Color me unsurprised. Saddened, because of the wasted opportunity to take a stand against anti-Semitism and prejudice. And saddened because some poor reporter pulled out his pen without realizing he was in the middle of a sword-fight, and as a result he was unjustly and undeservedly berated by the President … but unsurprised nonetheless.

=======================================

Raining again, the Oroville lake level is going up but looks like it will hold, life is a wonderful thing.

w.

As Always: If you comment please QUOTE THE EXACT WORDS YOU ARE REFERRING TO, so we can all understand your subject.

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34 thoughts on “Taking A Pen To A Sword-fight

  1. Willis I am going to have to watch that exchange again. I thought Trump initially stopped the question because he wanted to return to the previous journalist and asked the Jewish reporter to sit down to do that, Trump talked to the CNN (?) reporter and then he went back to the Jewish reporter. I am confused and like I said 30 hrs+ plus later I am going to have to look at this again.

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  2. The press have not been interested in “an Oxford debate, or a dispassionate inquiry into the truth” for a long time, if ever. Each paper has always had a political viewpoint which it espouses.

    There has been a change, however, over the last 10-20 years. Journalists used, I think, to believe that they were journalists first and foremost – so they held certain standards to be important – accurate reporting of fact, for instance, and the concept of ‘speaking truth to power’. I’m not saying that they all did this all the time, but that ethos was there. They felt that their job was to look for a story that needed telling.

    Many modern journalists have been replaced by activists. Activists hold a very specific set of beliefs, and spend their time trying to convince others to hold them as well. Whether a story is true, false, needs telling or doesn’t, is completely irrelevant. If necessary, stories can be twisted, of simply made up to suit the activist point of view.

    It is, as Mr Holmes would have put it, a capital error to see the press (and, unfortunately, parts of the scientific establishment) as anything more than rather poor marketing executives…

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    • “Each paper has always had a political viewpoint which it espouses.”
      As an example, the Huffington Post, Scott Adams may have the answer:
      “You might recall that the Huffington Post made a big deal of refusing to cover Trump on their political pages when he first announced his candidacy. They only carried him on their entertainment pages because they were so smart they knew he could not win.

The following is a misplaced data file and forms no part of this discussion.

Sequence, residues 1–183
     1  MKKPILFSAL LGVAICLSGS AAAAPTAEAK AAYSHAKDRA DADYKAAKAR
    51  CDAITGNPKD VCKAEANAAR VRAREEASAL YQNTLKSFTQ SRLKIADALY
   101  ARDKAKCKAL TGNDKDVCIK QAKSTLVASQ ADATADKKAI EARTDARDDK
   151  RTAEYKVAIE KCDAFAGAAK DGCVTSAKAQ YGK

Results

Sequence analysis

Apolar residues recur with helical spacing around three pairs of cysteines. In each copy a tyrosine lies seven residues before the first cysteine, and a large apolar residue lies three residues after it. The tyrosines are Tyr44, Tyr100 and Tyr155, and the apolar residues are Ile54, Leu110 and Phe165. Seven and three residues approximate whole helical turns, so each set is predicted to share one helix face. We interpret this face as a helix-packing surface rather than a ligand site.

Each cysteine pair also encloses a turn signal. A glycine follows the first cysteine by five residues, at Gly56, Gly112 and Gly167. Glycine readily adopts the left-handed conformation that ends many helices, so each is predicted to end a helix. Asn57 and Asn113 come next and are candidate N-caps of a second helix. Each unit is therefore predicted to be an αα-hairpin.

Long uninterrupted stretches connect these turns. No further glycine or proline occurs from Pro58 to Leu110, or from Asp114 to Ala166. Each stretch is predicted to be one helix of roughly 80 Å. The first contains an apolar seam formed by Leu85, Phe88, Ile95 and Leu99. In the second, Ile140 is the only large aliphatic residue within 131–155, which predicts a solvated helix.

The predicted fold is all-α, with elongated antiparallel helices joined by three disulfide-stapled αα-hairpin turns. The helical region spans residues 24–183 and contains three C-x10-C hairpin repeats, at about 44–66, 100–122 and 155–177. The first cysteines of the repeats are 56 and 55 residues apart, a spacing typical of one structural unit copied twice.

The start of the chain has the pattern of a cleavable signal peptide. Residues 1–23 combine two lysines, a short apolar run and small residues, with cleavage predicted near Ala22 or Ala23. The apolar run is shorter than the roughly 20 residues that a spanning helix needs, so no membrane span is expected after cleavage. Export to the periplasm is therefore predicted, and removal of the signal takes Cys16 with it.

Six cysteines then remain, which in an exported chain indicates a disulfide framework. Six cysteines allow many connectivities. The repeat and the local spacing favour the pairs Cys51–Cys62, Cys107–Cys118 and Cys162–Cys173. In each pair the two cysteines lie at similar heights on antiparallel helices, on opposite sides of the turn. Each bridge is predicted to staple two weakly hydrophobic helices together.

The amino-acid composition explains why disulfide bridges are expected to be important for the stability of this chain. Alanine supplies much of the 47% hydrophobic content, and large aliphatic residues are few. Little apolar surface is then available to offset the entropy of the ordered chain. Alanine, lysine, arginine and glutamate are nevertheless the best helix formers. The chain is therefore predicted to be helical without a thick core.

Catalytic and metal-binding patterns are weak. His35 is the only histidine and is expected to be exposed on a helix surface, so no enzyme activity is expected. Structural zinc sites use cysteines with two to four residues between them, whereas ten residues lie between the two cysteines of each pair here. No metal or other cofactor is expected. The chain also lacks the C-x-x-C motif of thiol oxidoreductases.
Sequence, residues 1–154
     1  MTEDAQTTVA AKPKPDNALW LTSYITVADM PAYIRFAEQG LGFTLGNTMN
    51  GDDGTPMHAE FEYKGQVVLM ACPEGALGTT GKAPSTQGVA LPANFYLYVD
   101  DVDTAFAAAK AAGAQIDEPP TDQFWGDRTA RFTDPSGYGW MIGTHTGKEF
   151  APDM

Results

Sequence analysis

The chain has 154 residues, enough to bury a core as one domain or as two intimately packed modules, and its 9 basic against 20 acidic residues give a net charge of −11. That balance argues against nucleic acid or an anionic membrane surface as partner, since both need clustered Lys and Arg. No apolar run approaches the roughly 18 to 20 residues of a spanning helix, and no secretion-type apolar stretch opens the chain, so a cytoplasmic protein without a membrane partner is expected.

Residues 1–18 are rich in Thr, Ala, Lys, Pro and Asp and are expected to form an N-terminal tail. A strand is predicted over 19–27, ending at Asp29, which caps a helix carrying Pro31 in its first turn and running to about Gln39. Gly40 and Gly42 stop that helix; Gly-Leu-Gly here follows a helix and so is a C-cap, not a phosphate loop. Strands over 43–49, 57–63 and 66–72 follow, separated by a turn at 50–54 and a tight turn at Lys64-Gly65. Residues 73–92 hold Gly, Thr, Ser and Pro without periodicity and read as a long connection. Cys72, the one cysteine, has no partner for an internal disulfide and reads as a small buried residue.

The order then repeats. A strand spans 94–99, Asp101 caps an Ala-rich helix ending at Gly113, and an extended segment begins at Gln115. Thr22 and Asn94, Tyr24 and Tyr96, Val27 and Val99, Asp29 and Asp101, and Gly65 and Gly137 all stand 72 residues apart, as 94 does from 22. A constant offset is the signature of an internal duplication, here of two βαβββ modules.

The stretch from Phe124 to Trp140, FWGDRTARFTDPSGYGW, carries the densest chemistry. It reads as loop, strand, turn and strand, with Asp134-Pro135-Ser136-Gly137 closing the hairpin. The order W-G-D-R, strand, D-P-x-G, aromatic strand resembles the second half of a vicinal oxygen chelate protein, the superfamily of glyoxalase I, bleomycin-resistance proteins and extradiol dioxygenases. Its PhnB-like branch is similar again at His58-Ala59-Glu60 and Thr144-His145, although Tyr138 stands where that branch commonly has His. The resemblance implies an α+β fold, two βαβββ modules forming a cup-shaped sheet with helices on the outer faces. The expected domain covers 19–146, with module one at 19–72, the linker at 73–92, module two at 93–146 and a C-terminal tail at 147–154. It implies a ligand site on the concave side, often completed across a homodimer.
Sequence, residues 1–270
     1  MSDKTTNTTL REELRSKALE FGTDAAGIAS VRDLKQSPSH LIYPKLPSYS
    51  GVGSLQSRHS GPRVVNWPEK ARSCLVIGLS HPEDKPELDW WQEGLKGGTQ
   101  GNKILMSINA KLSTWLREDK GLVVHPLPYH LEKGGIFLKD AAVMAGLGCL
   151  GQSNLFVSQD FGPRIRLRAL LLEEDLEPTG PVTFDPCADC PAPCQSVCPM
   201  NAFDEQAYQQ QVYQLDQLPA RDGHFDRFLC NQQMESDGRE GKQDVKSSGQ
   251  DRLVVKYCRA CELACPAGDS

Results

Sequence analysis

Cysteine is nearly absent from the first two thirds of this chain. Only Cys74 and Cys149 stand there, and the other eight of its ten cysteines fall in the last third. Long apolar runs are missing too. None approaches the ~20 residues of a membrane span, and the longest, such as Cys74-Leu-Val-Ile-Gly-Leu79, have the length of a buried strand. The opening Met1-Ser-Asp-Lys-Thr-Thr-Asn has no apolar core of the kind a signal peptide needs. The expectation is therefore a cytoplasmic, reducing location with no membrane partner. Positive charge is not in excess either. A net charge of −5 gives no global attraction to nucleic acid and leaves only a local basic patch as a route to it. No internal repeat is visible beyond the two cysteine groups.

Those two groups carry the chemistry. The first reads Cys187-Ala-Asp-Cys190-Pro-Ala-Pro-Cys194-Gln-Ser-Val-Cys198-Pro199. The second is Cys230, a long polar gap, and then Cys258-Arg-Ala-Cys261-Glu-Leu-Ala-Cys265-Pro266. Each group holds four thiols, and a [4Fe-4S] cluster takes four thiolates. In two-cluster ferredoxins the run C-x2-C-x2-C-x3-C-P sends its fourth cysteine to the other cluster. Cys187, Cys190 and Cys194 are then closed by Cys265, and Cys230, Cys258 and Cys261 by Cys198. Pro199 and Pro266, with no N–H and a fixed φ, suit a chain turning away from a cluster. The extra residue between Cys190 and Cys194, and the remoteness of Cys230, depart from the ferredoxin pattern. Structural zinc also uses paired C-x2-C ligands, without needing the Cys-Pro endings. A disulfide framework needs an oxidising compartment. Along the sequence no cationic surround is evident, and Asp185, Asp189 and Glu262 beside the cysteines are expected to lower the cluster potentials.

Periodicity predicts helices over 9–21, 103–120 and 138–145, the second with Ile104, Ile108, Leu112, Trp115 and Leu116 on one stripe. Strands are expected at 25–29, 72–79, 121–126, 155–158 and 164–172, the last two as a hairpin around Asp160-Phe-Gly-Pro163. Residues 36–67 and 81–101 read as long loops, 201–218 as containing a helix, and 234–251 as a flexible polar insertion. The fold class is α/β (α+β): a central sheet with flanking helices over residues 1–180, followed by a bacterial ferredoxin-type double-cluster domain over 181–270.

Then he won.

      When reality violates your ego that rudely, you either have to rewrite the movie in your head to recast yourself as an idiot, or you rewrite the movie to make yourself the hero who could see what others missed. Apparently the Huffington Post chose to rewrite their movie so Trump is a deranged monster, just like they warned us. That’s what they see. This isn’t an example of so-called “fake” news as we generally understand it. This is literally imaginary news. I believe the Huffington Post’s description of the press conference is literally what they saw. If you gave them lie detector tests, they would swear they saw a meltdown, and the lie detector would say they were telling the truth.”
      “Trump’s unexpected win forced the Huffington Post to rewrite their mental movies from one in which they were extra-clever writers to one in which they were the dumbest political observers in the entire solar system.”
      http://blog.dilbert.com/post/157358914491/imaginary-news#_=_

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  3. I endorse your condemnation of large swathes of the print and broadcast media. They are, in reality, nothing more than professional gossips, meddlers and busybodies who contribute little of any value to society. They have gotten so bad that I have absolutely no faith whatsoever in their veracity.

    They have become circus entertainers and carnival barkers whose sole mission in life is to attract eyeballs by any means necessary.

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    • Yes, I saw that too. The man had trouble articulating his thoughts without a lengthy, wordy ramble. It was almost as if he was trying to show his intellect but in reality he just couldn’t get to the point fast enough .

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  4. I need to make another point. Trump needs to watch his use of terms. Semites include Jews and Moslems. I realize his position on Moslems is not to be anti-Moslem, but to be against the sub group that supports beliefs that result in terrorism.

    Liked by 1 person